By David Kattenburg
Mention Rwanda to someone, what comes first to mind? Bloody genocide, most likely. Certainly not swank men’s fashion.
Think again. Over the past year, two Dutch entrepreneurs have been marketing boldly colored made-in-Rwanda men’s blazers up and down the Netherlands, under the label Afriek.
First they take Amsterdam — then they take Berlin. Listen to the story here:
How did 26 year-old Sivan Breemhaar, a human rights/conflict studies grad, and 29 year-old Kars Gerrits, with an international relations degree, get involved in men’s fashion? And what are these blazers the two are producing? “Very special ones,” says Breemhaar. “Bringing worlds together” is what it’s all about, Gerrits adds.
Kars and Sivan met back in 2011, while living in the Rwandan capital of Kigali. He was interning at the Dutch embassy, growing weary of “life in the diplomatic bubble.” She was doing her Masters research on the Rwandan education system. Both were inspired by African sartorial style, by the beauty and originality of African clothing and craftsmanship. Why not launch an African-style fashion product in Europe, they asked themselves?
The first idea that came to mind — Sivan’s — was flip-flops. Following a quick poll of family and friends, they switched to men’s blazers. Dutch fashion giant Vlisco sells African-style threads to the famously conservative Dutch, for big Euros, Kars and Sivan reasoned. They could do likewise, using African fabric and craftsmanship.
Three years later, Afriek blazers are now on sale in the Dutch cities of Groningen, Utrecht, Eindhoven and Amsterdam, and in Antwerp, Belgium.
One would have to be an extrovert to wear extravagantly colorful jackets like these. “It’s not for everybody,” says a saleswoman at an Amsterdam shop where Afriek blazers hang from racks. “But for the right guy, it can make him look excellent … I see this kind of relaxed guy. And he buys this because he likes it; he thinks it’s cool, and he just puts, like, pants on. He’s very easy going. That’s the type of man I see with this, actually.”
It’s their beauty that make these blazers so special, says Sivan. “It’s something completely different than the Netherlands,” she says, sitting beside Kars in her Amsterdam flat/office. “We all dress the same, almost. Everyone has the same clothes. And there everyone is unique in their dress.”
“The idea behind it is to show the beauty of Africa and combine it with our European way of looking at fashion; the European trends,” says Kars.
Bringing worlds together in trendy Amsterdam is easier said than done — certainly at a price tag of 289 Euros. Kars describes the typical reaction of men when they hear what an Afriek blazer costs: “They come to the shop. They look at the blazer, they think, this is it; very nice blazer. But then, they see the price, they think, but I’m not going to buy it now, so then they have to think about it; talk to their wives; get their wives to the shop; ask their wives …”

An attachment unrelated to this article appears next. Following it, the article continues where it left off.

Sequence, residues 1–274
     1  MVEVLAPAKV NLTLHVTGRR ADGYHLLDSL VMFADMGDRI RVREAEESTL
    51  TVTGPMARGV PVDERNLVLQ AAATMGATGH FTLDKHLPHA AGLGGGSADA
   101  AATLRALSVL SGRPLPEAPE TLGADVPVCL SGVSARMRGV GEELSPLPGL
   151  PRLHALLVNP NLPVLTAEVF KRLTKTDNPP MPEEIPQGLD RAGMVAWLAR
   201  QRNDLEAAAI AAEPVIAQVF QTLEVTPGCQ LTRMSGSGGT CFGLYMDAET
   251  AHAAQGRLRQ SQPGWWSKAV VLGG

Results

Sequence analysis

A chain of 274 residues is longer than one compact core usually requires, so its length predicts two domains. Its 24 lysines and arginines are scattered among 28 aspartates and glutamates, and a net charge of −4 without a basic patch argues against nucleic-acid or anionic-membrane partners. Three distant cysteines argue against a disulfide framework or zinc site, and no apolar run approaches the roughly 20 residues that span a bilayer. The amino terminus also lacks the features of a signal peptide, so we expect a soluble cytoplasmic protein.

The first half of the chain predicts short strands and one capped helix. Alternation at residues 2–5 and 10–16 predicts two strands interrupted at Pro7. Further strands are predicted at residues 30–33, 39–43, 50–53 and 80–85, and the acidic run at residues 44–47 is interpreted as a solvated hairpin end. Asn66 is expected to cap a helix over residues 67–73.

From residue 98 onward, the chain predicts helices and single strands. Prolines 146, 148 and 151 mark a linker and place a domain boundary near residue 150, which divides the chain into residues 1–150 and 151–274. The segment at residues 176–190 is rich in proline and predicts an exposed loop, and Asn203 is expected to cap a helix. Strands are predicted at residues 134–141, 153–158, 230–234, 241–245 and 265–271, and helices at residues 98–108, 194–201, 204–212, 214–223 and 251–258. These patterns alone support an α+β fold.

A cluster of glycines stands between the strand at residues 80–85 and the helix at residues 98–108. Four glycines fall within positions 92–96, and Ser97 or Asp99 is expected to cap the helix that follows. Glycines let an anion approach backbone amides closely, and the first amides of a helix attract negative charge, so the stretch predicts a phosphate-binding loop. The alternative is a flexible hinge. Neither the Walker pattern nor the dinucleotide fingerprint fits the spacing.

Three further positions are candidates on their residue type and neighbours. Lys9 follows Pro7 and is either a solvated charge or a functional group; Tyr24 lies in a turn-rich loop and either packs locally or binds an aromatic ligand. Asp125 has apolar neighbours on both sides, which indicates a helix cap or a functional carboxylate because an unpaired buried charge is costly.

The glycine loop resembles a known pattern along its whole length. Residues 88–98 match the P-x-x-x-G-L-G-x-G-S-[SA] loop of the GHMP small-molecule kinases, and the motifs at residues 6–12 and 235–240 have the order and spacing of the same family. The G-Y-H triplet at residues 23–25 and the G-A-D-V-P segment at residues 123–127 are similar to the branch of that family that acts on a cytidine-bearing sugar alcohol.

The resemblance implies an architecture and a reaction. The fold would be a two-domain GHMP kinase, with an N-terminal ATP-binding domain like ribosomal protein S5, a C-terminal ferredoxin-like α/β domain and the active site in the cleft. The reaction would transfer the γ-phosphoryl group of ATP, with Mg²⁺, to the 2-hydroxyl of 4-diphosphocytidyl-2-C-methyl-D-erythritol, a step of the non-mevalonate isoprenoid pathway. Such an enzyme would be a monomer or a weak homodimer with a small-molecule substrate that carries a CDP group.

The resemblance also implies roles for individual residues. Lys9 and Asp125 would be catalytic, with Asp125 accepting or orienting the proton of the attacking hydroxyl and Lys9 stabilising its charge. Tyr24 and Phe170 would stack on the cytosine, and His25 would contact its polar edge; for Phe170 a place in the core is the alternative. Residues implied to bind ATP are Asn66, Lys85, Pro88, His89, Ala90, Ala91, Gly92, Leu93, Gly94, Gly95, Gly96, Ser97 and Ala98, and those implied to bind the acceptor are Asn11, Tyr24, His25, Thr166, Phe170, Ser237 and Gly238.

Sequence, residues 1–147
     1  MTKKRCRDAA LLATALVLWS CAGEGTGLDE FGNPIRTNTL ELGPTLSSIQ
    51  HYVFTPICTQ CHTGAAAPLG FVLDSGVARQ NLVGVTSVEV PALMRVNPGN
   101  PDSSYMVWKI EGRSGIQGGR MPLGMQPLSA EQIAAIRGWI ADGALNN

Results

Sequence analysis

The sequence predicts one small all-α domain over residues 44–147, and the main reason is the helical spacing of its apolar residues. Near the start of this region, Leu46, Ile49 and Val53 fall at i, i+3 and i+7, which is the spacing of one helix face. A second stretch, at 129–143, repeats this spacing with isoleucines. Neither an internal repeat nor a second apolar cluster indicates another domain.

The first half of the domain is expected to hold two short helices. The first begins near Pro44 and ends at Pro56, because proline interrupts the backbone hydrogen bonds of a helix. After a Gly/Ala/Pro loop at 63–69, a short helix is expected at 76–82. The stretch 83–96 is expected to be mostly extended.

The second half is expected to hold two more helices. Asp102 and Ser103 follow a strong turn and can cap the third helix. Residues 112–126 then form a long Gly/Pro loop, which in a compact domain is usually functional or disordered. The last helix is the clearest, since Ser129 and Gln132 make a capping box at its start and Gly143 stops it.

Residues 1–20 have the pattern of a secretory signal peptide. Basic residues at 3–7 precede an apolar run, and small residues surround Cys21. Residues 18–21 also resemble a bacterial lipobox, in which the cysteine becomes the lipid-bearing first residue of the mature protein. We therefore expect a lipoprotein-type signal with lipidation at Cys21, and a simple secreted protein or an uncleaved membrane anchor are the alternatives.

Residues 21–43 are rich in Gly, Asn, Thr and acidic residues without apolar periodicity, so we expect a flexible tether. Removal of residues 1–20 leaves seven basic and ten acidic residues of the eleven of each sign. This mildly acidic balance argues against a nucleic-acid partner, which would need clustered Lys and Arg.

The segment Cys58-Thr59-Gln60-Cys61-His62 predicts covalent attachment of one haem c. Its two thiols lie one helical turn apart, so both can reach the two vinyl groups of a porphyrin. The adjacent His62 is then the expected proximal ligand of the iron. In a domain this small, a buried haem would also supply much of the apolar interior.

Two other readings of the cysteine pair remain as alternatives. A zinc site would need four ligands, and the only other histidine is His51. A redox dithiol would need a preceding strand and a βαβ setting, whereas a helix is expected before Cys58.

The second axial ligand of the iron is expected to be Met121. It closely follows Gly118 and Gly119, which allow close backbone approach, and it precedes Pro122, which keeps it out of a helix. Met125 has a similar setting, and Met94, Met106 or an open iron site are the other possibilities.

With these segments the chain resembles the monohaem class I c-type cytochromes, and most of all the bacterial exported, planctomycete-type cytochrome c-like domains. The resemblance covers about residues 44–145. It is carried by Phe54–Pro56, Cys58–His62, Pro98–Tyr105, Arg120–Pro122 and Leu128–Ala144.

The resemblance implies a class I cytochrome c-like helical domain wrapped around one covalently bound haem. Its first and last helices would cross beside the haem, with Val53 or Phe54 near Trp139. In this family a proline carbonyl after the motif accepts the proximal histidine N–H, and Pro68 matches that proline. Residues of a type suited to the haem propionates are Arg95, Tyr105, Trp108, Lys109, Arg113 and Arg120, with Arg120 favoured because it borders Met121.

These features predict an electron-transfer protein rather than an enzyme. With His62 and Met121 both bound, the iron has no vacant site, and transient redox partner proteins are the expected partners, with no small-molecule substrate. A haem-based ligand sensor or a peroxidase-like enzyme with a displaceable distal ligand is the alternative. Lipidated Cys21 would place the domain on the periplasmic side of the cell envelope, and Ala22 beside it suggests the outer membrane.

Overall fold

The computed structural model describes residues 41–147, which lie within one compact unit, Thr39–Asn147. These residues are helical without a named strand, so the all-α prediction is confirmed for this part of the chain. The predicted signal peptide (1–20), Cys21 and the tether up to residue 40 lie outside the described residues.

“Some people are very, like, oh, this is too much for me,” Sivan pipes in. “But once they wear it, it actually really looks good if you combine it well. There’s a lot of women who say, ‘Why isn’t this for us?’ But it’ll come later. We start with the men.”
Kars and Sivan’s project has taken them back and forth between Amsterdam and Kigali, where three energetic tailors assemble Afriek blazers on second-hand German sewing machines. Fabric comes from Ivory Coast, Ghana and Nigeria; lining from Italy; threads and buttons from Germany. Tailors earn ten percent on each suit they sew. Way higher than what clothing workers in places like Bangladesh earn.
Still, is it “fair trade”? Branding is tricky. “When I came there for the first time, I wanted them to follow the Fair Wear organization guidelines, so that we could say we’ve got a Fair Wear jacket, or blazer,” says Gerrits. “So I told them, you can’t work more than 48 hours per week. And they started saying, well, why? If I work sixty hours, for instance, I can make two more blazers, I earn more money, and I can send all my children to school!”
Afriek lets their tailors work as hard as they’d like – but they’re encouraged to rest on Sundays. Sivan and Kars have found other ways to deal fairly, and turn their product into a story – something fashion artists like to do. Inside each Afriek blazer: a label bearing the name of its tailor. In the end, these blazers sell for their beauty, says Sivan.
“If you brand it right, I think, there’s the fashion people; the people who see this blazer in a magazine and think, like, wow, I really have to have it. And that’s, actually, I think the most sustainable part of your customers, because those are the people who are willing to spend so much money for a blazer they really, really love.”
In the end, these two Dutch entrepreneurs are pragmatic, with more than one clothes horse in their stable. Says Sivan: “Because we decided, blazers – they’re very expensive for most people; also very outspoken – so we added a line of T-shirts with a little pocket of African fabric to our line. The threshold isn’t that high for buying a T-shirt, with a weird, funny pocket.”
T-shirts with pockets are just the start. This winter and early spring, Kars and Sivan will travel to Rwanda to launch a brand new, more diversified line of Afriek products, including men’s pants and button-down shirt.
Meanwhile, Afriek jackets will appear in Berlin shops this March. An Afriek presence at highly trendy Bikini Berlin is in negotiation. A women’s collection may follow in July Fashion Week.
Back in Amsterdam, Sivan and Kars will present their blazers at one of those trendy “pop-up” shops the city makes available to up and coming fashion artists, in otherwise empty commercial spaces; blazers with unique stories that began in Africa; stories for young Dutch shoppers to carry forward, on their own.